Proposals for Local Government Reform – Fianna Fáil

Yesterday Fianna Fáil launched their formal policy position on local government reform. The timing of the launch comes just as Phil Hogan and government prepare legislation to enact its own local government reform proposals.

The template for this has been the “Putting People First” document which was launched in October 20122 and essentially a blueprint for a new local government structure. While the document has come for criticism not least on issues such as funding and accountability it does still represent a radical break from the current position local government finds itself in.

The Fianna Fáil proposals are wide ranging and include the following principal proposals:

  • Directly Elected Mayors across every city in the country and subsequently every local county
  • Executive powers for Directly Elected Mayors, who will act as champions for their area across the country
  • A new Cabinet-style system to replace council policy groups offering greater accountability & a greater role in shaping local policy;-
  • New voluntary Community Councils to represent areas with no Town Councils
  • Enhancement of Town Councils across towns with a population of over 7,500
  • Local referendums on major local issues, such as Local Area Plans
  • New anti-corruption plans, including enhanced auditing system, complete transparency on planning issues, mandatory declaration of interest & a greater role for SIPO in local government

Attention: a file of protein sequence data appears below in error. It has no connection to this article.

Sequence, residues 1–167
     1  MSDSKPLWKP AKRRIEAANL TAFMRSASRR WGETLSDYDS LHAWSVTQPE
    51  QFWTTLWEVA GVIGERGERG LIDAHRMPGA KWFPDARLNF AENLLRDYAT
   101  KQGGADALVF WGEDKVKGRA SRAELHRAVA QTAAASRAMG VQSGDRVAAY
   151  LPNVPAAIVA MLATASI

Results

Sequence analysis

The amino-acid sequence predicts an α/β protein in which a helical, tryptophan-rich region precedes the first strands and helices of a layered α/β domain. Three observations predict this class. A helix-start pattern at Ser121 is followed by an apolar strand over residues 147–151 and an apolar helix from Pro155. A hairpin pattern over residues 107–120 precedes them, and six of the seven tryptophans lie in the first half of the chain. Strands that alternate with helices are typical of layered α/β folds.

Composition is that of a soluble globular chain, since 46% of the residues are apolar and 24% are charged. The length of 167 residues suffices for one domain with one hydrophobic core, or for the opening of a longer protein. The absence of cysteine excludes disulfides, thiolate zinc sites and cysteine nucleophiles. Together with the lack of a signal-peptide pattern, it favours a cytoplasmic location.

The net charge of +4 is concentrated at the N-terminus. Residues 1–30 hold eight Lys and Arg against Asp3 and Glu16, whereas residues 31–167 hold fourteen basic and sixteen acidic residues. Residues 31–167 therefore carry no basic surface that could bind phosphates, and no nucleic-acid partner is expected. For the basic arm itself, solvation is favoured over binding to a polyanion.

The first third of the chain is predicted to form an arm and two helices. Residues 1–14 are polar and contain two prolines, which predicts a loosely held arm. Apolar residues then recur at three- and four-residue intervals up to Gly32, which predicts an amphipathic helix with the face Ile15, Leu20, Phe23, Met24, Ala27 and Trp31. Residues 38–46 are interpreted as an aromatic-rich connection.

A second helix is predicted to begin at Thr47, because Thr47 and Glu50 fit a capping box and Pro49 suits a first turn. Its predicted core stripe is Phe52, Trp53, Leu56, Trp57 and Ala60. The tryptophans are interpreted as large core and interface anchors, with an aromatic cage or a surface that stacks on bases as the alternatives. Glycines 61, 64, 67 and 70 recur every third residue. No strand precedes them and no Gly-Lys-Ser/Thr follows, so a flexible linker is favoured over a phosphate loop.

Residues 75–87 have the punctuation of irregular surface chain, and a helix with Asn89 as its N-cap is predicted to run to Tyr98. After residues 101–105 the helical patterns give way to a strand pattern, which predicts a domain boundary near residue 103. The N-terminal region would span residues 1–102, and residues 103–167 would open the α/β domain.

• Enhanced supports for local businesses, including new competitive funding pot for enterprise initiatives and new local credit facilities for SMEs.

While Fianna Fáil’s headline plans do represent radical change the are a number of issues that need to be considered. The first is cost, rolling out directly elected mayors with cabinets will undoubtedly cost a considerable amount of money and there is little evidence to suggest that communities are clamoring for this type of reform.

What is also surprising is Fianna Fáil’s support for Town Councils and indeed the expansion of the Town Council structure. One of the justified criticisms of Town Councils has been the duplication of function between them and the County Councils. Why propose expanding this duplication?

Also the plan to increase Town Councils for populations over 7,500 does not take into consideration large urban areas within existing councils. For example would Swords qualify to have a Town Council? Would Donabate? Would Santry?

It is worth remembering that when the increase in the number of councillors was announced for Councils such as Fingal and Dublin City, Fianna fail representatives condemned this increase. Now it seems their party actually wants to increase the number of councillors from its current level.

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